THE battle of the Somme seems like ancient history, a different age. In truth, it isn’t. It was only a few generations ago that young men went to battle knowing they faced almost certain death in France.
If you think those victims weren’t real people like you or I, read today’s Yorkshire Evening Post.
Robert Tolson went missing on July 1, 1916, the first day of the battle exactly 100 years ago.
His wife and family hoped against hope. Confusion reigned. Days later he was declared missing and, more days later, he was pronounced dead.
The uncertainty that his loved ones faced is palpable. Eventually, they learned the truth, that he had died after having being shot.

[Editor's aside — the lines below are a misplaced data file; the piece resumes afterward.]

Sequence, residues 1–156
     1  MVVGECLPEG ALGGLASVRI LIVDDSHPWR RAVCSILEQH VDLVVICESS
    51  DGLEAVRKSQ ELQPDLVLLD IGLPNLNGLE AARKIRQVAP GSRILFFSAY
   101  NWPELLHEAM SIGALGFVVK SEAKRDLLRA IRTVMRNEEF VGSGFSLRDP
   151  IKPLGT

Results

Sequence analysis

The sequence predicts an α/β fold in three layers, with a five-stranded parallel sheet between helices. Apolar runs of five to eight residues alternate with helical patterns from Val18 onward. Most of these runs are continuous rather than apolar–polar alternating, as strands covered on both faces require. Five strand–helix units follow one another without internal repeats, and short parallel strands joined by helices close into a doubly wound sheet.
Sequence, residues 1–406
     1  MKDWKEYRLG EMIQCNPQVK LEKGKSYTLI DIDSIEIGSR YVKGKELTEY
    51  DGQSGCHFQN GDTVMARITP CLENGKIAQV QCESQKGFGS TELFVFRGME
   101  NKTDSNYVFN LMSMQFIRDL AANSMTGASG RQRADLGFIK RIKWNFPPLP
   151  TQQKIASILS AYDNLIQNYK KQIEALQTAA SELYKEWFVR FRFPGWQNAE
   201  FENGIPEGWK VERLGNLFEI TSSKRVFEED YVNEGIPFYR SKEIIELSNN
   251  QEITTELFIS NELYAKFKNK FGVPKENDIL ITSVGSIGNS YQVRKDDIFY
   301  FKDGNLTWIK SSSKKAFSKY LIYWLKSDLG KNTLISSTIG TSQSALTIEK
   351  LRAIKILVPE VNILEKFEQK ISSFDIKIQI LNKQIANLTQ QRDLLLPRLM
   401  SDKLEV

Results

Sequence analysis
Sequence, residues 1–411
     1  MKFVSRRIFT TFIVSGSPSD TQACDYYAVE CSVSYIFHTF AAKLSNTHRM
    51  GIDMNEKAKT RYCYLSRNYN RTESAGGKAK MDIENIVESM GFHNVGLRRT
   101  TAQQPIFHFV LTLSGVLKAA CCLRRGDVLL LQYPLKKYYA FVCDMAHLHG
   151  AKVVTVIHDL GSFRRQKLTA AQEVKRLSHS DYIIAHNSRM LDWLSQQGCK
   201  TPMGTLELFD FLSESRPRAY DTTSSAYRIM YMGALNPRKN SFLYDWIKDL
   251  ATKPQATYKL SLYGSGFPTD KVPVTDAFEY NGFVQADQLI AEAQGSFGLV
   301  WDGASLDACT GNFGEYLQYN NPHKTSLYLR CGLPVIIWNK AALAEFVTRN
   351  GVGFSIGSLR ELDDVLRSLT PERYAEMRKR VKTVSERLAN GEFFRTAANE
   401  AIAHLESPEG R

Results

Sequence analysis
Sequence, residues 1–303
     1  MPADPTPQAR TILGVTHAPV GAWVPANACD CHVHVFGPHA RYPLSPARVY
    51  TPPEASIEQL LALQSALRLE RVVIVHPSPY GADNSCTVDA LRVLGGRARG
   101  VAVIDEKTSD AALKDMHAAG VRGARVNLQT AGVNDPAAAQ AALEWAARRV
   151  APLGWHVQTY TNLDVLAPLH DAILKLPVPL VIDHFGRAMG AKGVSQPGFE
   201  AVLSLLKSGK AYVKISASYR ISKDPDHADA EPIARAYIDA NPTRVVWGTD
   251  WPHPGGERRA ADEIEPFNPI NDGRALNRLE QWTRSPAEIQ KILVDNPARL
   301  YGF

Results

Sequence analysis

Sadly, Robert was far from unique. Leeds Pals, of which Robert was part, suffered 500 casualties that day. Some 21,000 British soldiers died and 35,000 were injured on in the first 24 hours.
It puts out modern day troubles into context.
Yet it is also to this country’s credit that events to mark the brutal conflict of 100 years ago have led to a reawakening of the debt of gratitude that current generations owe to their forebears – and this continues to be illustrated by very localised memorial events across Leeds and Yorkshire to remember the specific sacrifices made by individual communities.